Many thanks to Tristan for taking part in this interview and many many thanks to Tristan for his patience with me as time has been quite busy of late and I haven’t posted this interview as quickly as I would have liked.
Readers, please enjoy the following answers. Tristan is the author of Wolf’s Paw (which I shall be reviewing shortly) and the following gives an insight into the book and also Tristan as author and person. Enjoy 🙂
WOLF’S PAW QUESTIONS
The title “Wolf’s Paw” is a telling symbol throughout the book. I loved the idea of this symbol and how it was used. Please explain for the readers the significance of the title and how you came up with the idea to use this symbol throughout the novel.
I had originally conceived of this story as one, essentially, about the experience of alienation that an immigrant feels in first entering a high-tech society such as that which the Proctors find in Atlanta. I wanted this to be distinct from the more usual, dirt-poor, blue-collar, have-to-hustle-to-survive immigrant story, since that was never my experience to portray and I was writing, ultimately, to help process my own experiences. The original title was therefore “The Glass Wall”.
Having created Neill and Sharon, I needed a strong antagonist and Aaron Ryan was born. Of course, he had to have a fatal flaw and his was a life based on self-deception. There never was any medical malpractice, no abuse of his stepmother Dot, but in Ryan’s world, everything must be rationalized. Perhaps he believed that his animal paw lucky charm really was that of a wolf, but perhaps it was just one more self-deception, which finally caught up with him. On another level, as a simple literary device, it provided a graphic symbol and allowed me to tie the loose ends of the plot together, bring the past in Angola up to speed with the current events in Atlanta and link, at least psychologically, Ryan’s back story with his later avocation.
The back stories for both Aaron Ryan and Neill Proctor are intriguing and quite an important avenue to understanding those characters and how they present in their later lives. Which back story did you enjoy creating the most and why?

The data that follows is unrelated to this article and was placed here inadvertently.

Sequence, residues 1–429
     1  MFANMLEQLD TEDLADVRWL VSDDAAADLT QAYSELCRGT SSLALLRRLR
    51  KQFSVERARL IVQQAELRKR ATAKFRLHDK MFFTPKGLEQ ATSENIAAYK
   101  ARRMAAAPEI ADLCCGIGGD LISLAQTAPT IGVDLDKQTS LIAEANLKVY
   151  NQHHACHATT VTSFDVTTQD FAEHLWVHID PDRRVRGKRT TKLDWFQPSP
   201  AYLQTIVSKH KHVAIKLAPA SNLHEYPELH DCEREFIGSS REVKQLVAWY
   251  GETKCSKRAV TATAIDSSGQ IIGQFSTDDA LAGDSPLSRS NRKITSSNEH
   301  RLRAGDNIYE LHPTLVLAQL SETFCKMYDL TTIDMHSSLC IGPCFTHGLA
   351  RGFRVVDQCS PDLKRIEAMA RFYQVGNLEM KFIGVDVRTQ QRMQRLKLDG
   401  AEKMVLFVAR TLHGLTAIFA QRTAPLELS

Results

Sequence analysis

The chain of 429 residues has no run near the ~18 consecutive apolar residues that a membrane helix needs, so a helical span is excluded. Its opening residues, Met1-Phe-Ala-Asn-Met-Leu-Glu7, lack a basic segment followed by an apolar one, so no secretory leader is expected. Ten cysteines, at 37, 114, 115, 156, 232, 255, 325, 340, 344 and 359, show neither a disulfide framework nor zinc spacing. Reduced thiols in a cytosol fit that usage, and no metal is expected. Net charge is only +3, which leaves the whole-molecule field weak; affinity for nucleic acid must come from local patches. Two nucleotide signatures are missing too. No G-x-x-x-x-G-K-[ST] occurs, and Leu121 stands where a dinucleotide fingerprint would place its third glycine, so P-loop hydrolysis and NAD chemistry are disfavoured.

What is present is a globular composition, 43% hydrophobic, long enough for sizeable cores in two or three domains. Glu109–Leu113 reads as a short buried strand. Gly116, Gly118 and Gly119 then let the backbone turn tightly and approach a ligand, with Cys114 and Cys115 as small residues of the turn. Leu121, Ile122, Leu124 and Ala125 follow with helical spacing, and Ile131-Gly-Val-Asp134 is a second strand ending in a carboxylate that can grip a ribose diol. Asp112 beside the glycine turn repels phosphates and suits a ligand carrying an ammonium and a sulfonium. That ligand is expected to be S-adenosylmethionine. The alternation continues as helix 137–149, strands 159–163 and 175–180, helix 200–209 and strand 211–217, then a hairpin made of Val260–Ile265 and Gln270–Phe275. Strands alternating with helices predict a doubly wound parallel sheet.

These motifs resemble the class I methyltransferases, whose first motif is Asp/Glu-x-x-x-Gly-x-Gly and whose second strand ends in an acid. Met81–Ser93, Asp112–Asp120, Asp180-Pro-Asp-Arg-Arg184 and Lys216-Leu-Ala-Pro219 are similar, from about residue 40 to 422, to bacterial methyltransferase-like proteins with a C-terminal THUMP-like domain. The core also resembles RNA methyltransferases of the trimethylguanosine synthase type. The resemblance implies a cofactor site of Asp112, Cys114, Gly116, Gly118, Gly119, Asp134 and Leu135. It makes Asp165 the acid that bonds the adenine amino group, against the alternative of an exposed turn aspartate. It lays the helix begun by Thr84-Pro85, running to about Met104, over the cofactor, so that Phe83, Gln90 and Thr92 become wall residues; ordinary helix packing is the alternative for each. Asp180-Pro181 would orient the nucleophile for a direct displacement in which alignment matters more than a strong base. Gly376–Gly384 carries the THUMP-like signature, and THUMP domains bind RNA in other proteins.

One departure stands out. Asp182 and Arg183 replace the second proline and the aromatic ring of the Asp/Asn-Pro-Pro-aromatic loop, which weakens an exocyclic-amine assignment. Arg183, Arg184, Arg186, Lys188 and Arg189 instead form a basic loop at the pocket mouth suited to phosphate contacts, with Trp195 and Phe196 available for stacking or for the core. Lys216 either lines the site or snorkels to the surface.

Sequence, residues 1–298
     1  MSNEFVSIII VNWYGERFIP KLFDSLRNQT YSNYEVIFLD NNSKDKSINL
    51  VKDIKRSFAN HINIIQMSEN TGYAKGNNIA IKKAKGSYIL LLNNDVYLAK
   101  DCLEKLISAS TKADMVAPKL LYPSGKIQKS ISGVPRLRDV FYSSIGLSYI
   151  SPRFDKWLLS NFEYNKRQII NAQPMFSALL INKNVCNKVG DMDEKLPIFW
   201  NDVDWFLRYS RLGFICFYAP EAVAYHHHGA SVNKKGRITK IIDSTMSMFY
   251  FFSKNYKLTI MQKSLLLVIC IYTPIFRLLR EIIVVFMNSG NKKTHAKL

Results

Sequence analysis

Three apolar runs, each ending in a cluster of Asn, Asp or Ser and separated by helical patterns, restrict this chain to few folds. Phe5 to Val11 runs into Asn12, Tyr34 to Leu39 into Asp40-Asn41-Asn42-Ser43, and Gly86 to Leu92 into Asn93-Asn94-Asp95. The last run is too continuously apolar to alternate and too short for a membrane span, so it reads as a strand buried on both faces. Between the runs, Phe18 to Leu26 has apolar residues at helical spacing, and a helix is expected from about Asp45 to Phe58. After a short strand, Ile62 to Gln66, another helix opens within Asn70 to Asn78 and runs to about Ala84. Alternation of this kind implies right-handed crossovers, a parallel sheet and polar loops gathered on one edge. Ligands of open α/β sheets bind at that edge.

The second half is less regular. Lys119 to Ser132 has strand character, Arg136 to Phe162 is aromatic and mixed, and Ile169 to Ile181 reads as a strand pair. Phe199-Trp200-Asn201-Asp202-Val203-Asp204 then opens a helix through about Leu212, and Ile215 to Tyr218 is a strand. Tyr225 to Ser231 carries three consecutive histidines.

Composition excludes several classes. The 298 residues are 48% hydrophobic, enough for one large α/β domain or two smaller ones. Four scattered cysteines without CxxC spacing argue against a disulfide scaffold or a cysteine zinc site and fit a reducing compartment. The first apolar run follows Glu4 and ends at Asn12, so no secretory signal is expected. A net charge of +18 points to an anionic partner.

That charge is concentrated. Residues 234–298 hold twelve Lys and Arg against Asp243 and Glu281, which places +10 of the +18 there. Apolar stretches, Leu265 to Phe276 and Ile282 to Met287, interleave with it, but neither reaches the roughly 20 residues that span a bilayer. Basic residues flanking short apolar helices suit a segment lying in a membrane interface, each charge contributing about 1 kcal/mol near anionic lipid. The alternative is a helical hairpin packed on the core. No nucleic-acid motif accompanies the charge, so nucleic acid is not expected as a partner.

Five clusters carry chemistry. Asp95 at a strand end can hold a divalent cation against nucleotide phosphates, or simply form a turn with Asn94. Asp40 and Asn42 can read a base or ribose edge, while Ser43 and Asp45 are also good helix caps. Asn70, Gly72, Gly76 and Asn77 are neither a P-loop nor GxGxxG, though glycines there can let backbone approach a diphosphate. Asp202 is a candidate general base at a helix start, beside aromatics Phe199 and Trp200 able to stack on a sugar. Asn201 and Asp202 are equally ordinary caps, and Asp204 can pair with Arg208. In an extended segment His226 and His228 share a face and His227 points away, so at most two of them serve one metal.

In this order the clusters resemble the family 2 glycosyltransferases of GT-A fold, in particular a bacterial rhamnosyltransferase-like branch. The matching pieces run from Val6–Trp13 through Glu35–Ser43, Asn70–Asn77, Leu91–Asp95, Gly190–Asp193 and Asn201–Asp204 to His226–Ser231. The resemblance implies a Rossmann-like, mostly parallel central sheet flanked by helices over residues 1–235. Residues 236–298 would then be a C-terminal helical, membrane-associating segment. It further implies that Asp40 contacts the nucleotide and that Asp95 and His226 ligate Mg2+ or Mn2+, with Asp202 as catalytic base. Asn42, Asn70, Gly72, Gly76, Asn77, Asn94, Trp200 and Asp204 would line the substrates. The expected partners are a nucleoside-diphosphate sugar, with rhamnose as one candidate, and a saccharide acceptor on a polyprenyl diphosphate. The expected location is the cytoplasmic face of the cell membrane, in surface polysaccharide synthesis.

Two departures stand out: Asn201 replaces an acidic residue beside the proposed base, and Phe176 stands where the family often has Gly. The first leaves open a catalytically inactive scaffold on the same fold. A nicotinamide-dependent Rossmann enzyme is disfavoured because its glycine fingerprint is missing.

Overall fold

As you’ll be aware, I was born in Canada, but moved to South Africa when I was about six and lived there until my thirties. I lived and travelled pretty much all over SA and got to know the country well, so although Neill Proctor is most definitely not an autobiographical creation, I enjoyed creating him the most because I could incorporate so many of the experiences and stories of SA that I had come across, into his life. In the original version, Neill’s back story alone was close to a novella length in its own right and one of my early readers commented that he felt like he’d wandered into a Wilbur Smith novel by mistake.
Aaron Ryan’s life in Shiprock was drawn from the time I spent working on a Navajo reservation in the four corners area near Shiprock and trying to accurately or realistically produce his formative years was much harder. My least favourite part of the book, because I don’t think she rings true, at least in her shortened, amended format ( again, she used to be MUCH more detailed), is Ryan’s mother Linda, who takes him to Shiprock in the first place and then dies relatively young.
Are any of the characters and/or storylines based on real people and/or events?
I have certainly used characteristics of people I know to flesh out my main characters and family stories, suitably dressed up inform various characters and their experiences, but no, there are no exact copies of any real people. I suppose, because I’m a Plastic Surgeon and I’ve made Neill proctor one as well, there might be a supposition that I’m producing a poorly disguised Walter Mitty- esque facsimile of myself, but that isn’t the case. I’ve kept to the Plastic Surgery theme because it’s something I know well and I believe that there is a lot to tell of in the field and because it suited my plotline. Did you find the cases described believable? Interesting? OTT? Most of them were exact copies of real cases I’ve operated on.
You are a plastic and reconstructive surgeon. Did you enjoy being able to include your profession in “Wolf’s Paw”?
Yes, definitely. See Above and Below.